Okanagan Rail Trail Initiative upbeat about chances for rail trail on old CN line
The Okanagan Rail Trail Initiative is more confident than ever that a rail corridor between Kelowna and the outer edges of Vernon could still become a reality.
CN Rail is in the process of abandoning the nearly 50 kilometre stretch of railway and as part of the abandonment process has offered the line to first the federal and the provincial governments.
However neither level of government purchased the line and now CN Rail will try to negotiate with municipal governments to offload the railway.
The fact the two senior levels of government did not reach a deal wasn't a surprise to the Okanagan Rail Trail Initiative and in fact the volunteer group says they are giving a potential trail a better than even chance of becoming a reality.
"We actually didn't expect the federal or provincial governments to purchase the right of way," said Brad Clements, a director for the rail trail group. "We know there is a strong appetite for preserving the corridor at the municipal level and we are confident they will negotiate with keen interest to strike a deal. Last October we gave this a 20 per cent chance of happening. Today we give it an 80 per cent chance."
With the rail line out of use and CN looking to sell it to government, Clements and a group of individuals began lobbying for a trail to link the communities of Kelowna, Lake Country, Coldstream and Vernon. The Okanagan Indian Band is also involved in the process and is claiming parts of the trail as traditional First Nations land.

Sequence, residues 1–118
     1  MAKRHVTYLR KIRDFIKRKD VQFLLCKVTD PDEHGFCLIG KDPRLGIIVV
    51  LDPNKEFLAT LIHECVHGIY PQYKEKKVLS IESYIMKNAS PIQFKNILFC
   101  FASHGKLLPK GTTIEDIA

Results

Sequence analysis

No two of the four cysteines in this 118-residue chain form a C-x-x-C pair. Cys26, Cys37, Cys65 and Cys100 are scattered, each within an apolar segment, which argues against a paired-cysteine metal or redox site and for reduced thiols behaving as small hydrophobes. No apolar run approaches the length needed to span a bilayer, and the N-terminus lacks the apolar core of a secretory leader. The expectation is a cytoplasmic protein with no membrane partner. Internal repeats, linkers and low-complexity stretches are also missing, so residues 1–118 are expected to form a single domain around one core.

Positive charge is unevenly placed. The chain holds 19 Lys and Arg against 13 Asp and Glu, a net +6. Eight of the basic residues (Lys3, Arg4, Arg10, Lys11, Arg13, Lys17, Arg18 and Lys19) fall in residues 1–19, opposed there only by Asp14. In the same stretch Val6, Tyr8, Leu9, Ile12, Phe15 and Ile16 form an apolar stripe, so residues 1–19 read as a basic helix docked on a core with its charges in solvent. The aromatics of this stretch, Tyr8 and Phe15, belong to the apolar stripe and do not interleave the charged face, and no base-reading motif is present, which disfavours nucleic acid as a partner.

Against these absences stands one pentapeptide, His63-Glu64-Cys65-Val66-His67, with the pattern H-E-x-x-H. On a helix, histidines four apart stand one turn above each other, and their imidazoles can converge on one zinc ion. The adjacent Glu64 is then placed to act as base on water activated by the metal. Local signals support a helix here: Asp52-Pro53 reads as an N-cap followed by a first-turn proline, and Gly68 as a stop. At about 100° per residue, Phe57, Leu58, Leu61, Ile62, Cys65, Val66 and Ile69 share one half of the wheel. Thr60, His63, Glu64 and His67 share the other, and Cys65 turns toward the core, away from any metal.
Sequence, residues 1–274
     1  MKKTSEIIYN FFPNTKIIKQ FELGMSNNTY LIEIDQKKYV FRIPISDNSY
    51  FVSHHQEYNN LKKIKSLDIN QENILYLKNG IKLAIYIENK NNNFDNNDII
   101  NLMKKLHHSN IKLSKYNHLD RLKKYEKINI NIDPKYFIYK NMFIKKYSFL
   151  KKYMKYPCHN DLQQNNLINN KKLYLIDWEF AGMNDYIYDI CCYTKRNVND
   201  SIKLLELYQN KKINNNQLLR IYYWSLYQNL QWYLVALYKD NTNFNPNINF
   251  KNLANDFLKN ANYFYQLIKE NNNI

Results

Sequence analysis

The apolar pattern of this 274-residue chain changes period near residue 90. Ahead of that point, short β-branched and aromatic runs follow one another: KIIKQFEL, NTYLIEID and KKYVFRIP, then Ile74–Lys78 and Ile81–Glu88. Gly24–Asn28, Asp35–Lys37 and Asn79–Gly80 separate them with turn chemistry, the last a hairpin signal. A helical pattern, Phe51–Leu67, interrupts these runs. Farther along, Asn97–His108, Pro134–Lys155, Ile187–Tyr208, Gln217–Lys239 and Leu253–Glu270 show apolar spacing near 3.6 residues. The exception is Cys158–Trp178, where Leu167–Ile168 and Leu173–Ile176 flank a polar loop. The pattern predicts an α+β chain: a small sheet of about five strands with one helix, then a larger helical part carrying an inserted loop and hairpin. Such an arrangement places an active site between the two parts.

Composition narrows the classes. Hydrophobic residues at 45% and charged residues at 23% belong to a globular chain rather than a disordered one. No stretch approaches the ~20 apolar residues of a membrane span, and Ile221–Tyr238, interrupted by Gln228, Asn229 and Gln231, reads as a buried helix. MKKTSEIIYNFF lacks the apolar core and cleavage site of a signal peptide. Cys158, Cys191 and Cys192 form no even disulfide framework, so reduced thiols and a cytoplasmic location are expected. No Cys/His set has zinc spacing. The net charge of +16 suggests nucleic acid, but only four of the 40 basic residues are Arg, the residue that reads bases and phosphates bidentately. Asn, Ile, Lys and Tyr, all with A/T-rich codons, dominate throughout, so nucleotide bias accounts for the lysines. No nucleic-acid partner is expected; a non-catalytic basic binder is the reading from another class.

Clements says having the OIB involved in the process is integral to its success.
"The Okanagan Indian Band is a key partner in this process as the right of way also passes through two of their reservation properties," said Clements. "This is just part of the process of turning this rail line into a trail. We respect their current situation and will support them in finding a solution."
Reports have the asking price for CN Rail to sell the line as high as $50 million. Local governments from all of the municipalities have joined forces to try and make the trail a reality and Clements says the asking price is just the start of talks.
"It's just that, an asking price," he said. "The price will be unreasonably high. I would suspect the municipalities will in turn offer an unreasonably low first offer. The real work will begin after that. We know that both parties wish to see this deal work so I would think they will both work to actively find a solution."